During the past few months, we've been researching deeply into the financial markets, but not in the way stockbrokers and analysts do. We want to find out how banks are using the web, and paint a picture of what the industry will look like in five, 10, and 20 years. Read More
Casual Internet users, we apologize. If you had difficulty accessing your favorite websites or email at approximately 1pm EST this afternoon, it was surely on account of the swarms of music geeks, Apple fans and tech aficionados (Feedbackers are required to be all three!), all huddled in front of their computer screens, anxiously awaiting the semi-annual revelations from our turtleneck-and-jeans wearing oracle of smart, stylish gadgetry, The Steve. Among the many involuntary ‘oohs’ and ‘ahs’ over streamlined iPods, updated software packages and a revamped AppleTV, was an added feature to iTunes 10 that makes so much sense, we may instantly wonder how we ever lived without it. Get a load of Ping…
Steve Jobs described it as ‘Facebook and Twitter, meet iTunes’.
The capabilities of Ping include:
- Social music discovery: you can share music you’re listening to and see music your friends are listening to
- Follow and be followed: you can follow, and be followed by, friends and artists
- Share your thoughts and opinions
- Custom song and album charts: See top 10 lists customized by what your followers are listening to
- Over 17,000 concert listings: You can see upcoming concerts, and share concerts you are attending
- Easy integration with the iPhone/iPod Touch
- Available immediately
Our first thought? “Sorry, MySpace. It was nice knowing you…” Our second thought: Could anyone but Apple do this? Doubtful. When you have over 160 million active accounts already using iTunes, it’s easy to see how this could catch on. And before you cite Facebook’s half-billion users, consider that iTunes number doesn’t include the millions who download the software just as a music player/organizer/podcast feeder and never buy anything.
From the following screenshots, you can get a look at Ping, and see that it integrates seamlessly with the iPhone/iPod Touch.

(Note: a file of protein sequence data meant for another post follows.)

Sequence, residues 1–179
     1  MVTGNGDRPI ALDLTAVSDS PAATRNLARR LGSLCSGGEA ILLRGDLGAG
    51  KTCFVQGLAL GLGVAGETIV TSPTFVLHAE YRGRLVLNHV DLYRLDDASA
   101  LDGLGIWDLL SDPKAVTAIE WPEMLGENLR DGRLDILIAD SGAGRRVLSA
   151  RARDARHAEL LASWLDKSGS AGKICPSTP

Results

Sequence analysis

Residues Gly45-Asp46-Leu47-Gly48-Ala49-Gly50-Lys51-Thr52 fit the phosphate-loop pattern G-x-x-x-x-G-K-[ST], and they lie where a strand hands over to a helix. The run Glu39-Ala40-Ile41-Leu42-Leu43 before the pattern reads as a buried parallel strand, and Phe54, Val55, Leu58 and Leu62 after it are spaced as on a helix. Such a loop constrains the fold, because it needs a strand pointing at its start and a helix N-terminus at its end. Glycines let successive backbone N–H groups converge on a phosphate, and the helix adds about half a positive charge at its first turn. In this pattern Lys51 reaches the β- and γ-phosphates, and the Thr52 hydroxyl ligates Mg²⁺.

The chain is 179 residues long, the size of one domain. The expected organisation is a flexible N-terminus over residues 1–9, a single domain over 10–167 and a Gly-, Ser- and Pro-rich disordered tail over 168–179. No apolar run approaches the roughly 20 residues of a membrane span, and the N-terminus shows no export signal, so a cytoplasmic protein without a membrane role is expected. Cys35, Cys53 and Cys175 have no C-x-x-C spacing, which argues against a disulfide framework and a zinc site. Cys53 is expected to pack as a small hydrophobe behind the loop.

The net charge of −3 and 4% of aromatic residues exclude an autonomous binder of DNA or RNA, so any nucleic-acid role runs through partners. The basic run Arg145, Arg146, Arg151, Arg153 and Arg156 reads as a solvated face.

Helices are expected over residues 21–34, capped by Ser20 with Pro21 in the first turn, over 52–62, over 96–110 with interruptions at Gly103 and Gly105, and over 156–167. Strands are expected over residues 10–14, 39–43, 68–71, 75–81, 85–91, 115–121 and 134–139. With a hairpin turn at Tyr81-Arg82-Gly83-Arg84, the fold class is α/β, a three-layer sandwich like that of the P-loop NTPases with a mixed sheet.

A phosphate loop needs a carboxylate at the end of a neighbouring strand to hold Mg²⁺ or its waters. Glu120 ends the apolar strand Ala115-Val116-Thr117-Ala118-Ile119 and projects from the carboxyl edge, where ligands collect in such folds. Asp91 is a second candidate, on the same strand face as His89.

The first screen shows an artist’s page, own-able by the performers themselves, which you can easily imagine would be a boon to the fan relations of all acts, big and especially small:
Next, the individual profile page, where you can share your musical taste with your friends and followers, even showing them what shows you’ll be going to. This represents a tremendous opportunity, again for artists, but also for fan meetups and peer networking:
Finally, the ubiquitous “feed” page, where you see the most recent updates from the people you follow, what they’re listening to and what they’re buying:
Still think “how did we live without this?” is a bit hyperbolic? Let us know your thoughts while we furiously refresh the iTunes download page.
Anna is out of the office traveling for client meetings in Madison, WI with Jeff and Dean, so this week’s picks are brought to you by intern Brad!
Experts Agree: Gen Y Will Not Grow Out of Social Networking
The Pew Internet and American Life Project have brought to light the consensus that the digital generation will still be consuming and participating in social media by 2020. A poll found that 67% of 371 experts agreed that Generation Y is likely to stay active in the social networking scene for quite some time.
Gowalla: We’re still in the location race
Even as FourSquare is outgrowing Gowalla by a huge factor, Gowalla insists that it still has something to contribute in the geo-location race. This week, it announced promotions with the Livestrong foundation (in association with Nike stores) and Threadless to offer its users free prizes for following both organizations on the service.
Prince: “The Internet Is Over”
Music icon Prince has again exercised his ability to speak his mind suggesting quite directly that the Internet is dying. His refusal to work with music distribution channels such as iTunes and Amazon, based on the lack of an advance for his work, harkens back to his intention to file lawsuits with sites like YouTube, eBay and the Pirate Bay.
Digg v4 hands on: A better Digg, but is it enough?
Details of Digg’s newest version have been leaking out and the general reception seems to be that it’s a step in the right direction. Over 20,000 users were invited to join the closed beta test this week to try out the new Digg that changes its focus from the community as a whole to a circle of friends as a news sharing group.
— Brad (@bcarr)